Survivors of COVID-19: Even as patients recover, emotional scars linger. ‘It was life-altering’

Angie Leventis Lourgos Chicago Tribune (TNS)

CHICAGO — As COVID-19 sickens thousands in Illinois, several Chicago-area survivors shared the stories of their illness and recovery, describing how the highly contagious new virus has altered their lives as well as the world around them.

Although their experiences and the severity of their symptoms vary, all of the recovering patients cautioned against minimizing or underestimating the threat of the pandemic.

“I hope this makes it more real and people take social distancing seriously,” said one recuperating patient. “Because you don’t want to have this.”


Through sweat-soaked and feverish nights, the expectant mother would sing to her unborn baby.

Katina Theodorou of southwest suburban Stickney was just past her first trimester when diagnosed with coronavirus in late March.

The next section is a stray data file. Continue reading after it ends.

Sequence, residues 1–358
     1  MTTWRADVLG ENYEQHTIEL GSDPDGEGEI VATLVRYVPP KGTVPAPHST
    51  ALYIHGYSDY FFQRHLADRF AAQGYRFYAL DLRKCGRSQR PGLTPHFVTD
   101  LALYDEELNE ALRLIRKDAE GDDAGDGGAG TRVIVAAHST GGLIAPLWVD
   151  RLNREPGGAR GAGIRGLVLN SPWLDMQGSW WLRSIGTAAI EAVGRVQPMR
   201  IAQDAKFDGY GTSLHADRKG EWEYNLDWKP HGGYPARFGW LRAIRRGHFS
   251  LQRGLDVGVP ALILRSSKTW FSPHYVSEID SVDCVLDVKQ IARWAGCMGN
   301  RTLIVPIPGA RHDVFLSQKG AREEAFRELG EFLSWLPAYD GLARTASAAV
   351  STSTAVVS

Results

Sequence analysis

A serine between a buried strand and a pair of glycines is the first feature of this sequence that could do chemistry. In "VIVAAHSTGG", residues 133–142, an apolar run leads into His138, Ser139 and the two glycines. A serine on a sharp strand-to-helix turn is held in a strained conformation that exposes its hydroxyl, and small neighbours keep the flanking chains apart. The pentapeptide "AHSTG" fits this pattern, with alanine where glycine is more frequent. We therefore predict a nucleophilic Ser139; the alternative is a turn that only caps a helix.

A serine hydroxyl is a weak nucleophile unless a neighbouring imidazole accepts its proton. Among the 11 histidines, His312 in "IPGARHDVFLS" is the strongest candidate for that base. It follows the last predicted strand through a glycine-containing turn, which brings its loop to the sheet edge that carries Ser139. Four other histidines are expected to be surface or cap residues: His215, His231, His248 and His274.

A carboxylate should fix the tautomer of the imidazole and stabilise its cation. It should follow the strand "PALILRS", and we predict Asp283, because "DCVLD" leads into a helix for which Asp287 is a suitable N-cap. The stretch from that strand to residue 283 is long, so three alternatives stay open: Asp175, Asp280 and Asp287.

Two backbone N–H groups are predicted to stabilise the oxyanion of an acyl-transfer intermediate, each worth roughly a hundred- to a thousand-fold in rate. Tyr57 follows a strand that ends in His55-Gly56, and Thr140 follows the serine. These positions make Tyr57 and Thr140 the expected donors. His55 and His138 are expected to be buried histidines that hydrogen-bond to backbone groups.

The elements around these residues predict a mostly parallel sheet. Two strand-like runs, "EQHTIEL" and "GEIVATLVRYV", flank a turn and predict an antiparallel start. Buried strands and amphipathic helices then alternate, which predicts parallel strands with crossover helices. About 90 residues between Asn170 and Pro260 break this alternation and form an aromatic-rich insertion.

“I literally felt like I would die,” she said. “I couldn’t breathe. I had shortness of breath. I would be sweating and have the chills and then I would be soaked; my clothes were like I had just come out of the shower.”

She recalled fervently praying, unsure how the new virus might impact her pregnancy. She was constantly on guard for cramping or spotting. Her obstetrician called to check in daily — “because of the unknown,” she said. “There’s not a lot of documentation of pregnant women who have it.”

After learning she had the virus, Theodorou isolated herself in her room at home, unable to hold her 20-month-old son until Saturday.

A 34-year-old respiratory therapist, she hasn’t gone back to work yet, feeling torn between the need to care for her patients and a desire to protect her family.

Her expertise is in particularly high demand amid the outbreak, from managing ventilators and administering oxygen to assisting with intubating patients in respiratory distress.

“There’s a mental challenge for me,” she said. “I want to be helping. But I’m also making a baby. And I have a child I have to take care of.”

The job requires intimate proximity to the virus, and she suspects she contracted it while caring for a patient who later tested positive for COVID-19. “You’re at a huge risk being at the head of the bed,” she said.